Sport against Violence and Exclusion is a project cofounded by the Erasmus + Program of the European Union (Key action: Sport- 590711-EPP-1-2017-1-LT-SPO-SCP). The overall aim of the project is the prevention of violent and socially exclusive behaviors among youth in sport clubs. This goal can be achieved by enabling coaches from grass-root sport clubs to recognize these behaviors as well as the conflict resolution skills with which to address them. As stated by the Durban Declaration and Program of Action, sport and physical activity are promising instruments in the prevention of inequality, racism, and intolerance. Sport clubs are designed to be a valuable environment in which youth can learn respectful behaviors which are valid in every social context [1
], and it is possible to define effective prevention strategies according to the psychological literature.
Concerning social exclusion, there is a positive relation between an individual’s identification with a group and psychological wellness [2
]: People who have been victims of social exclusion tend to suffer from negative emotions (sadness, disappointment, jealousy, anger, and shame) [3
], depression [4
], and tend to behave aggressively [5
]. It is possible to contextualize social exclusion referring to social identity theory [6
], in which a part of an individual’s self-esteem is linked to their membership in a group. Identifying with a group allows individuals to make a distinction between the ingroup (group membership) and the outgroup (everyone who is not in their group).The exclusion of undesirable individuals helps to maintain a positive social identity [7
]. Thus, a coach’s task should be the promotion of a more inclusive and open environment.
According to social development theory [8
], children learn how to give sense to the world by play. They adapt their behaviors in relation to the social norms that are valid in a specific social setting and develop a moral conscience through their interactions with significant adults. This can similarly be applicable on the sport field, in which they can internalize group expectations about respectful and disrespectful behaviors through interactions with their coach and teammates, shaping a sense of moral conscience. Accordingly, coaches should be able to guide children to achieve this result by learning specific practices which contribute to the development of a common system of values.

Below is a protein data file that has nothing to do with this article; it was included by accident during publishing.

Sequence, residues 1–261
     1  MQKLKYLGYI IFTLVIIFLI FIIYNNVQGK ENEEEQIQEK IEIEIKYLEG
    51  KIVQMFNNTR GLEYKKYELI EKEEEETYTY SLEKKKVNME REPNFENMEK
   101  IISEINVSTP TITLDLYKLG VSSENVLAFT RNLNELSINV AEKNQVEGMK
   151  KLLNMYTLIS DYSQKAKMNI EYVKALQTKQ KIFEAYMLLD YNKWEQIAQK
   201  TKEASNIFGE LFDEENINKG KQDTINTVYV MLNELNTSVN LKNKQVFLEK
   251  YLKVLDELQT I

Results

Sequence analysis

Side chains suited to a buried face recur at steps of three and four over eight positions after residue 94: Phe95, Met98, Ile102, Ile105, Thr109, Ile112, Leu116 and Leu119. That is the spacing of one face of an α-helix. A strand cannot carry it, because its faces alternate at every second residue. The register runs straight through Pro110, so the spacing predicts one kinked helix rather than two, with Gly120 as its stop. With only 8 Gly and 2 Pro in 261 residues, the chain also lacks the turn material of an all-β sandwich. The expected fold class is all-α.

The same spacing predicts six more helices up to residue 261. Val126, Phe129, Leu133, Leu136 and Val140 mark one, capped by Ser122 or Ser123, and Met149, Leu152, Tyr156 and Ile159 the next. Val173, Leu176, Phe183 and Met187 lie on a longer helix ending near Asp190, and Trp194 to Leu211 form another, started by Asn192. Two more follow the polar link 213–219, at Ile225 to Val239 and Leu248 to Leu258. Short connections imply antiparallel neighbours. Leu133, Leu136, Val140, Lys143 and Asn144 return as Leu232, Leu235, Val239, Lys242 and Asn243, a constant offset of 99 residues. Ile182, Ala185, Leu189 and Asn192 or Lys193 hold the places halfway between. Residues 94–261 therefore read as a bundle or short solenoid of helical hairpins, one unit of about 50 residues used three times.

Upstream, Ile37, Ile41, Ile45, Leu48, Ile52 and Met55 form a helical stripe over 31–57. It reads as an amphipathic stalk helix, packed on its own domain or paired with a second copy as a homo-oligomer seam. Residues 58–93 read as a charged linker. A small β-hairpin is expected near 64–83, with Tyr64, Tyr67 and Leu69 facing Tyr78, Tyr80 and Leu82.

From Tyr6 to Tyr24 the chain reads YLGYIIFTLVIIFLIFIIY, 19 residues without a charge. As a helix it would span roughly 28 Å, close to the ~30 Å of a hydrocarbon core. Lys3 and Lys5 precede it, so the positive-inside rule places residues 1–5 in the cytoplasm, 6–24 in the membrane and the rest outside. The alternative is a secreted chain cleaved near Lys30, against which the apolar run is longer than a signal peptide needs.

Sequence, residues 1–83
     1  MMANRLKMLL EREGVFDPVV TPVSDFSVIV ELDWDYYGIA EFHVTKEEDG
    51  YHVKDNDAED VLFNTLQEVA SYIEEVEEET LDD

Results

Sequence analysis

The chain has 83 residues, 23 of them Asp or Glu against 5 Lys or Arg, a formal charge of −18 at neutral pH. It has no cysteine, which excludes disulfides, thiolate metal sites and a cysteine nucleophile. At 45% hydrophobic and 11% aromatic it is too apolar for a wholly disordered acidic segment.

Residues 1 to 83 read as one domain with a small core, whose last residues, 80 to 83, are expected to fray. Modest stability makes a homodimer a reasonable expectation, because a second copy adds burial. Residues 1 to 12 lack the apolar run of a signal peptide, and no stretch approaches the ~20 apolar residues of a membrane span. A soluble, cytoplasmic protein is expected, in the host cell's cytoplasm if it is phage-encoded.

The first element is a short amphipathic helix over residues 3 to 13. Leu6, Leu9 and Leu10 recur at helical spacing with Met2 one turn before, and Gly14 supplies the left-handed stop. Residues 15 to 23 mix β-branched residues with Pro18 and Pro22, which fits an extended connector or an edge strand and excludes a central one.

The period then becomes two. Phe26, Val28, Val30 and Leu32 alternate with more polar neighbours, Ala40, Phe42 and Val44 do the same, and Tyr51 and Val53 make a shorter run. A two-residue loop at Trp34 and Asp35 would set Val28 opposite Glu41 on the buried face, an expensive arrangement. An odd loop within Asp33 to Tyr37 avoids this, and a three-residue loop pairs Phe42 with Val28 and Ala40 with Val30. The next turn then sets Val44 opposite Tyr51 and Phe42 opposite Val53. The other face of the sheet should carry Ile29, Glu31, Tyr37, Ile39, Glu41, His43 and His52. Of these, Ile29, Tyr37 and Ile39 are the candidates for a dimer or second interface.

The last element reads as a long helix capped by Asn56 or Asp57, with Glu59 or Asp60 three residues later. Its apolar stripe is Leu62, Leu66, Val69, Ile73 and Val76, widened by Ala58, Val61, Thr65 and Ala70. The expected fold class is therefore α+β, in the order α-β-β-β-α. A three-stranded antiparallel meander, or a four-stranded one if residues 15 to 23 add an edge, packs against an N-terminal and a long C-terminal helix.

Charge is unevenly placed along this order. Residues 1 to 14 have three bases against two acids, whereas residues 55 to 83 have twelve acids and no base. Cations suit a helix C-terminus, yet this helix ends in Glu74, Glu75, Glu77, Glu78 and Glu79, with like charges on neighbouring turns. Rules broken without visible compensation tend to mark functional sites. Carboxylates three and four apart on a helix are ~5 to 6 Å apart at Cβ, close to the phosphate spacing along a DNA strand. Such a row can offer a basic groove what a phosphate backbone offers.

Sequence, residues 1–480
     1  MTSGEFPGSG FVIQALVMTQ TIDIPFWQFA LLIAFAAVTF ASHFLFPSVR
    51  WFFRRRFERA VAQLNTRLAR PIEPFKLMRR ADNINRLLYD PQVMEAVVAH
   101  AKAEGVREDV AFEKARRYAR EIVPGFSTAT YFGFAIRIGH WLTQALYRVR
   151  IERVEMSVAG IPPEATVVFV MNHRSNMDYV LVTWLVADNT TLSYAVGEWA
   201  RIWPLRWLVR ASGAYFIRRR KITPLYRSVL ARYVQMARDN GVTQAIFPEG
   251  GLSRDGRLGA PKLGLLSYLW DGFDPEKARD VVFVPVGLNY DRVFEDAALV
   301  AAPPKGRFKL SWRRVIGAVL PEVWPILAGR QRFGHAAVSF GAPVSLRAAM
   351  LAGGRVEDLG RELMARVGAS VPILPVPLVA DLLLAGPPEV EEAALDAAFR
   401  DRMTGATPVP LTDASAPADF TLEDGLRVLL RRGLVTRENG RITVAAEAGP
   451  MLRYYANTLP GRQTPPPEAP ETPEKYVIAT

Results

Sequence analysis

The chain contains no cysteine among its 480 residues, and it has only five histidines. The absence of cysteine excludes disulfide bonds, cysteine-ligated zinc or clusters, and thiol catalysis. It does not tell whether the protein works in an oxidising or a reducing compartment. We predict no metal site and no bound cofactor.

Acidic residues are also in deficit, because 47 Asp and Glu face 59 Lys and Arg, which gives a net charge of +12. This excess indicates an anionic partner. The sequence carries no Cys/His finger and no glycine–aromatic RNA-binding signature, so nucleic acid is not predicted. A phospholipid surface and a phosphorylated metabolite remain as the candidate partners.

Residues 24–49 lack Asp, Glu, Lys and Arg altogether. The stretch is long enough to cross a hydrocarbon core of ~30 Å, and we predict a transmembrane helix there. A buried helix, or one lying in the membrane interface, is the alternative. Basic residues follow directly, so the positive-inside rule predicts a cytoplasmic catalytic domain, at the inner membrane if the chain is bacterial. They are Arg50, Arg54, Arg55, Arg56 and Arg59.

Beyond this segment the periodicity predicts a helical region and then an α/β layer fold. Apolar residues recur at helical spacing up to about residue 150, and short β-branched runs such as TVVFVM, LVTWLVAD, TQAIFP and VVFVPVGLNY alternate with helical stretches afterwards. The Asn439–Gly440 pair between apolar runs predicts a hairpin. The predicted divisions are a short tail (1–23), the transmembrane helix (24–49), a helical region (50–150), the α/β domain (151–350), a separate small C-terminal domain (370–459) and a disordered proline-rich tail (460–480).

Furthermore, the prevention of violent behaviors may be achieved through the application of Hirschi’s social bond theory [9
]. The theory suggests that the promotion of an individual’s social bonds leads to increased adherence to social norms, preventing violent or otherwise deviant behavior. Thus, coaches should focus on those practices which strengthen social bonds among team members.
Finally, according to social learning theory, children learn how to give sense to the world by observing and imitating adult behaviors [10
]. From this perspective, coaches could provide positive behavioral patterns which children could observe and implement.
On the basis of these premises, the SAVE project will promote respect among youth from 6 to 12 years old in grass-root sport clubs, with the aim to prevent violent behavior and to enhance social inclusion and equal opportunities. The age range of 6–12, i.e., school age, was chosen as, during this period, children begin to spend considerable amounts of time with their peers as well as participate in sport clubs. The project will be developed over 30 months and will be implemented in seven European countries: Lithuania, Italy, Croatia, Bosnia and Herzegovina, Serbia, Austria, and Spain.
Since the project will involve individuals across numerous nations, each with its own cultural context of knowledge, social norms, and life habits, it will be necessary to conduct a desk analysis and at least seven focus groups per country. This will enable an ability to define which behaviors should be labeled as violent or socially exclusive. Each focus group will be conducted with 5 coaches of grass-root sports as well as 5 parents whose children participate in grass-root sports.
Next, in consultation with current psychological literature, the skills and competencies necessary for coaches will be defined. The results of this phase will be used to design a training phase with a specific curriculum and skill cards which coaches will implement.
Concurrent to the implementation phase, an online platform accessible to both coaches and parents will be designed to provide materials useful in addressing violent and socially exclusive behaviors. At the end of the implementation phase, the Training Kit will be finalized with the Sport against Violence and Exclusion Handbook as well as all the materials, findings, and statistics produced during the project.
The SAVE project confronts a relevant social issue. It can help to build a more aware society through the application of social norms which help to prevent violent and socially exclusive behaviors. In previous decades, few scientific studies provided a thorough understanding of these phenomena. Even now, additional practical strategies to prevent violent and socially exclusive behavior are needed from the scientific community. Thus, the SAVE project fits perfectly within this research scenario and, in our view, can significantly contribute in addressing this social need.